A bug was noticed on the PIVX network zerocoin protocol on March 6, 2019 prompting an audit that explained the full impact of the found vulnerabilities.
The “wrapped serials” which has since been fixed on the #PR-837 consists of an attack that fakes network acceptable serials thereby enabling the attacker to spend zerocoins that was never minted.
The intensity of the attack stems from its inflationary effects since a successful exploitation would brings unaccounted coins into circulation. Despite that, the vulnerability would not harm or affect users’ privacy and their holding in a direct manner.
The bug was discovered when developers noticed on March 3 that block 1679090 was crashing any wallets based on the GMP library bignum. The bug was not simulated with the original OpenSSL library.
The developers searching for inconsistencies in the two libraries discovered that there was a bigger problem being highlighted by the GMP bug. This was an implementation overlooked in the OpenSSL library.The failed block and subsequent ones have serial numbers greater than 256 bits but with the last 256 bits equal to other valid serials.
Tests showed that the crash was not fallout from a bug in the GMP library but an implementation flaw being exploited. The zerocoin functionality was disabled using the PIVX “spork” while the investigation was on.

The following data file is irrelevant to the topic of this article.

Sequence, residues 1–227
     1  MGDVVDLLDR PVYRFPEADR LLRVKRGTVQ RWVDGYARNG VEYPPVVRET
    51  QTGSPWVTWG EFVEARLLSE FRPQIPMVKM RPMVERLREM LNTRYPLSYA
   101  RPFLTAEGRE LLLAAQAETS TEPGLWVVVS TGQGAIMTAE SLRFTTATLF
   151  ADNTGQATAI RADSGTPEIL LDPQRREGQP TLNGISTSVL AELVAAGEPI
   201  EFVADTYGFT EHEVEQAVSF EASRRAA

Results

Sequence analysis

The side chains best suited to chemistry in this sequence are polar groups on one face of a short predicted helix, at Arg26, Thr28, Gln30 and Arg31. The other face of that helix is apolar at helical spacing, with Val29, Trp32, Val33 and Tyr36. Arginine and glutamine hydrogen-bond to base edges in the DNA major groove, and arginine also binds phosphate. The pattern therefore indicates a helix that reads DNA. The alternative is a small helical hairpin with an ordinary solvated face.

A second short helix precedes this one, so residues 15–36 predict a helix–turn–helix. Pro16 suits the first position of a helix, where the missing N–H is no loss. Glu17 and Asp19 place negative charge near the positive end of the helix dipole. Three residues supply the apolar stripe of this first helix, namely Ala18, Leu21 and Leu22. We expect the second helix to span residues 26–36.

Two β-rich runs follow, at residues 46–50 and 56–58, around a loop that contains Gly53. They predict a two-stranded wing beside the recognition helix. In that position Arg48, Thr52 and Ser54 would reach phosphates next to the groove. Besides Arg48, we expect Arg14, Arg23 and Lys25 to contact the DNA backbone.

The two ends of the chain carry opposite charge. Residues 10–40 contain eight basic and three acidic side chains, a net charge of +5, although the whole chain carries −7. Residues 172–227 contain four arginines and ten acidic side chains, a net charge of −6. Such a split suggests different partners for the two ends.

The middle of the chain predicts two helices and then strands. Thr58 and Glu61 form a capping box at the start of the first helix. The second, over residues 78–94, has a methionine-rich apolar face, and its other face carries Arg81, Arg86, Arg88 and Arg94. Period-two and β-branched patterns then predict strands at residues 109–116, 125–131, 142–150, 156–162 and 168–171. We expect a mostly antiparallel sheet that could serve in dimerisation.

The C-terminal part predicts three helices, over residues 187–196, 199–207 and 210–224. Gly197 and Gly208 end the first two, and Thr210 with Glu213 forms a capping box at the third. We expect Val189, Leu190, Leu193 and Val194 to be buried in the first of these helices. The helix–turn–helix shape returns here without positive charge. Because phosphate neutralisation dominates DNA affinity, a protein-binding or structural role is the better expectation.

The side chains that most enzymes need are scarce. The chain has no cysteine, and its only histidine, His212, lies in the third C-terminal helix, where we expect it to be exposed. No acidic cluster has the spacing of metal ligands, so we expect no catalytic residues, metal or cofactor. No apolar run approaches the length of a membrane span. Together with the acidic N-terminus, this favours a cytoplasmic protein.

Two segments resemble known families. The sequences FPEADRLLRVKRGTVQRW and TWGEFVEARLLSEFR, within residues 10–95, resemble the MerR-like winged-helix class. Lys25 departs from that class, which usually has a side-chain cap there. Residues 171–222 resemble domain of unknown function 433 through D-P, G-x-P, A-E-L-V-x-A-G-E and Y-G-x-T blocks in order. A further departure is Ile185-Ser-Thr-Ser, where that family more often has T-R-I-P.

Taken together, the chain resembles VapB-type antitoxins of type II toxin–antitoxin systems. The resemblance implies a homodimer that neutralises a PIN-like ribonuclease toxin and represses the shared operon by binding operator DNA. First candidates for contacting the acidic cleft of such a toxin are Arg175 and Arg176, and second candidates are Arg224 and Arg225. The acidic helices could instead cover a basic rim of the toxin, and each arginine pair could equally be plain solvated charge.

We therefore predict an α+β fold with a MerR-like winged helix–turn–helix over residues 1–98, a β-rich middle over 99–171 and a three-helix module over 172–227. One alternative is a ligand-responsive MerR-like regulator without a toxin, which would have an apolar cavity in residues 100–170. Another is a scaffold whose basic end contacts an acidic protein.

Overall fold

Spork is a process first used by the Dash network to forestall unintentional hard fork on the network. This enables the deployment of network level features without unnecessary disruptions.
A blog post by PIVX network announced the impact of the vulnerability when it wrote about the “Wrapped Serials” attack:
“Over the course of five days, it involved the spending of 477 zerocoins, of various denominations with invalid serials (belonging to coins that were never minted). This resulted in the creation of a total of 568,897 PIV (roughly 438,000 USD at current valuation) out of thin air.”
More at: https://email@example.com/report-wrapped-serials-attack-5f4bf7b51701